NEW DELHI: The Centre on Wednesday invited Expression of Interest (EOI) for developing vaccines against Monkeypox.
The EOI documents states that Indian Council of Medical Research (ICMR) is willing to make available Monkeypox Virus strain/isolates for undertaking research and development validation.
The ICMR also invited EOI from experienced vaccine manufacturers, pharma companies, research and development institutions and in-vitro diagnostic (IVD) kit manufacturers for joint collaboration in development of vaccine candidate against Monkeypox and diagnostic kits for the infection.
It also entails manufacturing activities using characterized isolates of Monkeypox virus under the joint collaboration in the public-private partnership mode for development of vaccine candidate against Monkeypox disease and diagnostic kits for diagnosis of the infection.
“The ICMR is in possession of characterised Monkeypox virus isolates/strain and is thereby willing to collaborate with experienced vaccine manufacturer as well as the in-vitro diagnostics (IVD) manufacturers on Royalty basis on fixed term contract condition for undertaking R&D and manufacturing activities for Joint development and validation of 5 potential vaccine candidate against Monkeypox disease, development of diagnostic kit (IVD), for detection of the Monkeypox virus leading to product development,” the EOI document said.
The firm(s)/organisation(s) would be granted rights to undertake further R&D, manufacture, sell, and commercialize the end product(s) ‘vaccine candidate/IVD’ against the Monkeypox disease under defined Agreement,” the document said.
ICMR reserves all the Intellectual Property Rights and Commercialization rights on the Monkeypox virus isolates and its method/ protocols for purification, propagation and characterisation, the EOI document stated.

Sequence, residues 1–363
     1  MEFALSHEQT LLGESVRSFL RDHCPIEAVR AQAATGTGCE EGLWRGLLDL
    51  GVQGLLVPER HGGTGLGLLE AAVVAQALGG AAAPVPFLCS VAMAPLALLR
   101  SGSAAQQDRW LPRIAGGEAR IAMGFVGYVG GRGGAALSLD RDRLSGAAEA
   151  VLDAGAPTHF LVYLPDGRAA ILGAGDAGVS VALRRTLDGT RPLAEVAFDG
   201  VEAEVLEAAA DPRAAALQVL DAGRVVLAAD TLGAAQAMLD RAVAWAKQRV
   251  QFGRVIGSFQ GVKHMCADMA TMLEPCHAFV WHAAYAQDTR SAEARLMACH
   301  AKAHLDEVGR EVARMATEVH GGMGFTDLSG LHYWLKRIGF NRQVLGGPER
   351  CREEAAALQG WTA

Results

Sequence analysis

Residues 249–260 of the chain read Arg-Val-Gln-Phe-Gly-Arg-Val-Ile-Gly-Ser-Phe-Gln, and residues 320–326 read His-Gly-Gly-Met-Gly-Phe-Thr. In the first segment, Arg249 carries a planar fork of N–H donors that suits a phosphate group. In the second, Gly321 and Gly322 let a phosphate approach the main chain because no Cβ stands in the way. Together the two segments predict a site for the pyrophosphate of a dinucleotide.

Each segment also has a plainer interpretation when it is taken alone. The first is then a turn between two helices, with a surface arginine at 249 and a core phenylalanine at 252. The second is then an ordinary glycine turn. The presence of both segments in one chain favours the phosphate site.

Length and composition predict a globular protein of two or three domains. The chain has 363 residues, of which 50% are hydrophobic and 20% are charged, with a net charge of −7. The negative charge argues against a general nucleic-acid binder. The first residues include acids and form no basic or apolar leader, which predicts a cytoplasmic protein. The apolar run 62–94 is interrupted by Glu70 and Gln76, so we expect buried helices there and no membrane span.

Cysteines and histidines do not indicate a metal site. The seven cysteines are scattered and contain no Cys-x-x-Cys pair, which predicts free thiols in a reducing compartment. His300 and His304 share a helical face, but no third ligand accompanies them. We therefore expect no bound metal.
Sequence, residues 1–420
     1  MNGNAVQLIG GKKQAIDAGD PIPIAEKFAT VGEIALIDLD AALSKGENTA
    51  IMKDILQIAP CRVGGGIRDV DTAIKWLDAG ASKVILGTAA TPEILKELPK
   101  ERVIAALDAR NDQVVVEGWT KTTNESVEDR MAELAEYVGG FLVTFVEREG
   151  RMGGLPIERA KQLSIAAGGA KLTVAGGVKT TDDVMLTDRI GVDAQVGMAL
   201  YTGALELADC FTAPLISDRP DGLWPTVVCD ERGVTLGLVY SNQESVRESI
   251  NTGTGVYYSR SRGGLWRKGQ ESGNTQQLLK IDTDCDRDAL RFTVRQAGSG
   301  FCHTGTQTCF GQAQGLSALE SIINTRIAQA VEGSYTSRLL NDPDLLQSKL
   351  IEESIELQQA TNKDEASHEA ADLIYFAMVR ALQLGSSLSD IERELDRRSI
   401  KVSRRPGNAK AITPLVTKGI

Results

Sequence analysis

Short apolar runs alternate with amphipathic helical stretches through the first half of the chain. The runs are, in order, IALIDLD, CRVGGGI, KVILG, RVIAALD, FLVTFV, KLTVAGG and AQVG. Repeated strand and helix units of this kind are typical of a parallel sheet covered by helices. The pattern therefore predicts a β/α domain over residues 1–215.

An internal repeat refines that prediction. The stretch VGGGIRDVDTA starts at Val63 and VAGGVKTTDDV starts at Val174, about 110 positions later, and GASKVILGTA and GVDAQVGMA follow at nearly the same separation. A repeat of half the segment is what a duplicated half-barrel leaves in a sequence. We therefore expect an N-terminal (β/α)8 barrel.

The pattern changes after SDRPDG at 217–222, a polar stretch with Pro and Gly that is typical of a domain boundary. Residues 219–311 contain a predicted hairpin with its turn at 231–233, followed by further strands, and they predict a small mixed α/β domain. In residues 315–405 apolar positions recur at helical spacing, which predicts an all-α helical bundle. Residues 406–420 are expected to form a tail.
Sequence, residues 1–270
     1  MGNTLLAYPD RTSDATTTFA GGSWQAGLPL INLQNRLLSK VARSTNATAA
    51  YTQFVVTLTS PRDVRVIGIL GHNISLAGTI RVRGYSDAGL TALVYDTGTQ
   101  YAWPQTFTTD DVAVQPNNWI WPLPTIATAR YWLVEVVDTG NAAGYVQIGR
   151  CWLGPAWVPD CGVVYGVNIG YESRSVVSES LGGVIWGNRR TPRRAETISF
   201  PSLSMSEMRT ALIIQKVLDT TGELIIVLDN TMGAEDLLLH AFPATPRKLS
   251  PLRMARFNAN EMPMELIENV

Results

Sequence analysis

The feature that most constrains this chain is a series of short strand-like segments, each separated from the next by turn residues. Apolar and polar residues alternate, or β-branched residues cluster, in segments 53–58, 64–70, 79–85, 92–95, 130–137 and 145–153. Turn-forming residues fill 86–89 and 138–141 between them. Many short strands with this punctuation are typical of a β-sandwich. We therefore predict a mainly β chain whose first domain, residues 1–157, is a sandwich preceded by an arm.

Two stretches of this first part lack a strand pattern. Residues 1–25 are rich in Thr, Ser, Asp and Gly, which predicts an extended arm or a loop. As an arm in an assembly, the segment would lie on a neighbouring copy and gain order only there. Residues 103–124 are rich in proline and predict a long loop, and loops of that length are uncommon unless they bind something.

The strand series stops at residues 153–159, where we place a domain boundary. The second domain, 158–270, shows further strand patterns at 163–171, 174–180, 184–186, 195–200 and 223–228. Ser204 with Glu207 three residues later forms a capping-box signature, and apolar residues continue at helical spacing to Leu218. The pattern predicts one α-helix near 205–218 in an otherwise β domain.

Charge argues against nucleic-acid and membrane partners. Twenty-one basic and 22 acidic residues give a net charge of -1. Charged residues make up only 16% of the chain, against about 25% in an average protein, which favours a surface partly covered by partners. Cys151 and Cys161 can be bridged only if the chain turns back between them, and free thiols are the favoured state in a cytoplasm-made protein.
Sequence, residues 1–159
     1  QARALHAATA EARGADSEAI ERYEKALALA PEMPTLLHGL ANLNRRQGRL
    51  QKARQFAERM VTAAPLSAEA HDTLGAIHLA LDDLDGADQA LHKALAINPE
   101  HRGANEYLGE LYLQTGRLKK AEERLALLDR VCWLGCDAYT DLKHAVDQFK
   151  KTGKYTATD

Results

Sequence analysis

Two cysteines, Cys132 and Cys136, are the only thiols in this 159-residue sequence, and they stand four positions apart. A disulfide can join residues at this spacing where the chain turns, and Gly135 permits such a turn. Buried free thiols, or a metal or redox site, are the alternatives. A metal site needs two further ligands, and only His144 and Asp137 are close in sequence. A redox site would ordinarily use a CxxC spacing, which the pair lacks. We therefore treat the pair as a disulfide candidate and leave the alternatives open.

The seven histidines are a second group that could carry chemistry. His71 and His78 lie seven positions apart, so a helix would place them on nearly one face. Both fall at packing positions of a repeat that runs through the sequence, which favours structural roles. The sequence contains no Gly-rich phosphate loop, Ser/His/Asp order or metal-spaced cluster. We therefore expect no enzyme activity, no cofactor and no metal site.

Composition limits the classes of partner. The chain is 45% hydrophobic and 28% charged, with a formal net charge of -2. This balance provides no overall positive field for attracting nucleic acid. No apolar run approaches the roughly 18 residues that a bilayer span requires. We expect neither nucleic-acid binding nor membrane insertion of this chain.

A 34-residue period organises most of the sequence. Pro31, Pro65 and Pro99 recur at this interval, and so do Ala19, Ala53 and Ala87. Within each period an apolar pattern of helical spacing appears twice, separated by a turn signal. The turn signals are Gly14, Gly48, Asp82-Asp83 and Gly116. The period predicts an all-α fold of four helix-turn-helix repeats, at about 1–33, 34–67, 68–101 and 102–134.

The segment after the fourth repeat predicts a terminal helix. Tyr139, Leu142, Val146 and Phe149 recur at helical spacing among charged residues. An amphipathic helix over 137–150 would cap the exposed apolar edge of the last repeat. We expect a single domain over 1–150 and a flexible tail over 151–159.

The development comes amid India reporting four cases of Monkeypox — three from Kerala and one from Delhi — so far.
Centre issues guidelines
The Centre also issued ‘Guidelines on Management of Monkeypox Disease’ and stated that human-to-human transmission occurs primarily through large respiratory droplets generally requiring prolonged close contact.
It can also be transmitted through direct contact with body fluids or lesions, and indirect contact with lesion material such as through contaminated clothing or linen of an infected person.
Animal-to-human transmission may occur by bite or scratch of infected animals or through bush meat preparation.
The incubation period is usually from six to 13 days and the case fatality rate of Monkeypox has historically ranged up to 11 per cent in the general population and higher among children. In recent times, the case fatality rate has been around three to six per cent.
The symptoms include lesions which usually begin within one to three days from the onset of fever, lasting for around two to four weeks and are often described as painful until the healing phase when they become itchy. A notable predilection for palm and soles is characteristic of Monkeypox, the guidelines stated.
The World Health Organisation (WHO) on Saturday declared Monkeypox a global public health emergency of international concern. Globally, over 16,000 cases of Monkeypox have been reported from 75 countries and there have been five deaths so far.
According to WHO, Monkeypox is a viral zoonosis – a virus transmitted to humans from animals – with symptoms similar to smallpox although clinically less severe.
Monkeypox typically manifests itself with fever, rash and swollen lymph nodes and may lead to a range of medical complications. It is usually a self-limited disease with symptoms lasting for two to four weeks.
(With agency inputs)